US Election 2016

Clinton v Sanders: Democrats spar ahead of Iowa caucus

US Democratic presidential candidate, Senator Bernie Sanders, speaks during the Iowa Democratic presidential town hall forum in Des Moines, Iowa on 25 January 2016 Image copyright Reuters
Image caption Senator Sanders was unabashed in making the admission - seldom heard in US politics - that he would raise taxes to pay for his programme

Democratic presidential hopeful Bernie Sanders has said his judgement is as important as the experience of his rival Hillary Clinton.

During their last TV debate in Iowa a week before the selection process begins, he also admitted that he would raise taxes if he won, adding some families would still be better off.

Mrs Clinton once had a comfortable opinion poll lead in the state.

The pair are now running neck-and-neck. Martin O'Malley is a distant third.

Profile: Hillary Clinton

Profile: Bernie Sanders

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The contenders

Billionaire Donald Trump and Texas Senator Ted Cruz have a clear lead over five other candidates seeking the Republican nomination.

Poetry or prose?

CNN's televised debate in Des Moines, Iowa, could be summarised as pragmatism versus passion, reports the BBC's Laura Bicker.

During the event, at which the three candidates appeared separately, Hillary Clinton praised the "poetry" of Senator Sanders's campaign but said the country was "governed in prose".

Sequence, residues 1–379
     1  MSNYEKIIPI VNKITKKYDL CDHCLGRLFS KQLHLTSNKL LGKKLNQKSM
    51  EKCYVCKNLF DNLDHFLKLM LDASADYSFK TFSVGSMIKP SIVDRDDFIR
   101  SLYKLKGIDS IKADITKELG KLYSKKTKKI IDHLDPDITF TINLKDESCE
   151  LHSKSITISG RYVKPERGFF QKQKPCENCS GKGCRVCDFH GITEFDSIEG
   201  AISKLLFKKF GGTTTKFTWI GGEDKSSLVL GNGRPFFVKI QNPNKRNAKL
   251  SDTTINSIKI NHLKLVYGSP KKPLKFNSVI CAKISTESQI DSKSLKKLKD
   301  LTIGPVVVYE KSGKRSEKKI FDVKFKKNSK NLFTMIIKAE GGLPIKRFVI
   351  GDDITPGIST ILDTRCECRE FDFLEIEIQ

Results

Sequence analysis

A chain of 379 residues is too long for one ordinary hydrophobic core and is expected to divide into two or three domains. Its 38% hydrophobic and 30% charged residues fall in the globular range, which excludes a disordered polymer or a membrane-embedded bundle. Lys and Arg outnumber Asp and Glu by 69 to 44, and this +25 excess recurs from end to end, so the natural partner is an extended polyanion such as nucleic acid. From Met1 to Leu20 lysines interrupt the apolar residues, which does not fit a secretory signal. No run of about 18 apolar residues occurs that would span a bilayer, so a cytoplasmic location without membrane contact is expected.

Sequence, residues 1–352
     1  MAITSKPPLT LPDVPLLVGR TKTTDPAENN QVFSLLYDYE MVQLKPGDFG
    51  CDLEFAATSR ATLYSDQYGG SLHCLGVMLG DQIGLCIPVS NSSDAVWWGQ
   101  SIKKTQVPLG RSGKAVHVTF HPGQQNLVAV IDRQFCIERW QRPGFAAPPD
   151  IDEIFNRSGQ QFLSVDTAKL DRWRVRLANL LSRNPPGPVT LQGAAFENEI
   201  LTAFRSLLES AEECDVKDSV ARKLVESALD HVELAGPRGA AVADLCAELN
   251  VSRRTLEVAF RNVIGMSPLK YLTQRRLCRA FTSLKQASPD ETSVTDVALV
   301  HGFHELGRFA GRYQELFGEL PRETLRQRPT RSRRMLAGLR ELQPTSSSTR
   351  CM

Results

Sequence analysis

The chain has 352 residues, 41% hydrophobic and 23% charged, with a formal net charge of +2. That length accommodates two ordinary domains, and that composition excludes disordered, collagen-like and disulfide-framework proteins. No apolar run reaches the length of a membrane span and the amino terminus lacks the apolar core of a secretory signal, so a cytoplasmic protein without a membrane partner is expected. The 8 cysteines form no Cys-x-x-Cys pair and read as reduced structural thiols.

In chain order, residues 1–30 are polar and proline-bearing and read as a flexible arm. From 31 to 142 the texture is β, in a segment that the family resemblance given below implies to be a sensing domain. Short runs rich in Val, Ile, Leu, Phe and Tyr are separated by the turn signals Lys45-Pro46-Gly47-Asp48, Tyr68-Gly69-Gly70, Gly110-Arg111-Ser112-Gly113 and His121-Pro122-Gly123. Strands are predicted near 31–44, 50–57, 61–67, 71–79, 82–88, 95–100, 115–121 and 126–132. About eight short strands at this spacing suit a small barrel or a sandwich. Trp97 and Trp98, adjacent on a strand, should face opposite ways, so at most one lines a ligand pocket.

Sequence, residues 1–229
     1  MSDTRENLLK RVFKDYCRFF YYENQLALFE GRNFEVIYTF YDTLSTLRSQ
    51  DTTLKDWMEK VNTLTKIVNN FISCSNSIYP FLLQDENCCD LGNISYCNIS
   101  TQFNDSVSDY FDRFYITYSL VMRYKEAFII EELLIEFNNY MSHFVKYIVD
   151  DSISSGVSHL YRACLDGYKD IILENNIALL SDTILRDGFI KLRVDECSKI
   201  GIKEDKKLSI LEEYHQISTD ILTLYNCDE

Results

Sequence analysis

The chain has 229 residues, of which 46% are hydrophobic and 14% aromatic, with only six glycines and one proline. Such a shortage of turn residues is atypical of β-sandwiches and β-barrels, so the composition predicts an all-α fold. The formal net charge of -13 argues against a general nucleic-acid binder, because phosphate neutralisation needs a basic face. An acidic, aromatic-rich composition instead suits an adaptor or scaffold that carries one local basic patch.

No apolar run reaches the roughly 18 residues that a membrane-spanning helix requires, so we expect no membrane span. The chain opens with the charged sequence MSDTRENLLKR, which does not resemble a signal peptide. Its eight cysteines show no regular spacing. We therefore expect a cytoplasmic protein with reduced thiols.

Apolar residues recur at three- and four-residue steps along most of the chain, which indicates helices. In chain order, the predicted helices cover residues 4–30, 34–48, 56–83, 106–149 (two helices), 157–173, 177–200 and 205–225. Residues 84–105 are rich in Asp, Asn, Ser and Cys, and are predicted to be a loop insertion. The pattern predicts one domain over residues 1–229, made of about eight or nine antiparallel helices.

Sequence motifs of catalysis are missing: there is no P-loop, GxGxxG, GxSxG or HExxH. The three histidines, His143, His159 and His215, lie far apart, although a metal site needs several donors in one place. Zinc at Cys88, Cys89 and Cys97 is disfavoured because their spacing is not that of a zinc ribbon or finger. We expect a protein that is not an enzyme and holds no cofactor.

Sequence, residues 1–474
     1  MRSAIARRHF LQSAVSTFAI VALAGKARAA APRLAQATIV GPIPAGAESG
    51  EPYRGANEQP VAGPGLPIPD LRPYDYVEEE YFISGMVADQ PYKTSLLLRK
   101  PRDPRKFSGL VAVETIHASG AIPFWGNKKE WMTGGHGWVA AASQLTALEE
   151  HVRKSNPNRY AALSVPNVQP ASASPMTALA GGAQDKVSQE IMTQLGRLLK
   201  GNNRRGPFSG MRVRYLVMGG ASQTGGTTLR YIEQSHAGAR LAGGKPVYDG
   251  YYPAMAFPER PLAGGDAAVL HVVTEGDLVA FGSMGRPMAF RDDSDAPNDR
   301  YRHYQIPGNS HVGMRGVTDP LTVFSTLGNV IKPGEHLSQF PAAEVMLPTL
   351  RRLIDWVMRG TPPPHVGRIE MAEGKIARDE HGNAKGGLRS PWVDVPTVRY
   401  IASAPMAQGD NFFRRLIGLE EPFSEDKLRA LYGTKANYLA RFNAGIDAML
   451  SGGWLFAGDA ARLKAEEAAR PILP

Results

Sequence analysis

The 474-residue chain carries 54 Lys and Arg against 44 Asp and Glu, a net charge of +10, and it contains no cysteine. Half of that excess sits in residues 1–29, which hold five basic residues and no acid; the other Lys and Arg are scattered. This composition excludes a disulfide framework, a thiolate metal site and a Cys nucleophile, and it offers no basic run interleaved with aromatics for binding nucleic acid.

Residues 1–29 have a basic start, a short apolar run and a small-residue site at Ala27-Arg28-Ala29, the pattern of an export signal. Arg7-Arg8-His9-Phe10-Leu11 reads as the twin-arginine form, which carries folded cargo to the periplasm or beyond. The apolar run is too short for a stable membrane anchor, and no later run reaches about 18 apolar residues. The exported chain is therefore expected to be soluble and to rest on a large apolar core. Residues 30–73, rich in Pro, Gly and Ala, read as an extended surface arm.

Her critics "throw all this stuff at me - and I'm still standing", she said.

The Vermont senator, who has energised young voters with his call for a political revolution, repeated his pledge to "take on the greed of corporate America".

He contrasted his own commitment to a "Medicare-for-all" programme and free public university tuition to Mrs Clinton's vote to authorise the Iraq war and early support for the controversial Canada to Texas Keystone pipeline.

Image copyright Getty Images
Image caption Martin O'Malley trails in opinion polls but urged his supporters not to throw in the towel

Mrs Clinton highlighted her "40-year record in going after inequality" and suggested Mr Sanders was ill-equipped to face the tough challenge of being president.

She also said she was "really touched and gratified" to see comments from President Barack Obama in a Politico interview, in which he called her "wicked smart" and suggested Mr Sanders benefited from "the luxury of being a complete long shot".

Mr Obama has not endorsed any candidate and the Sanders campaign has applauded his "even-handedness" throughout the campaign.

Mr O'Malley, meanwhile, was cheered when he cited climate change as the issue young Americans should be most concerned about.

He enjoined his supporters to "hold strong" and continue the struggle for the presidential ticket.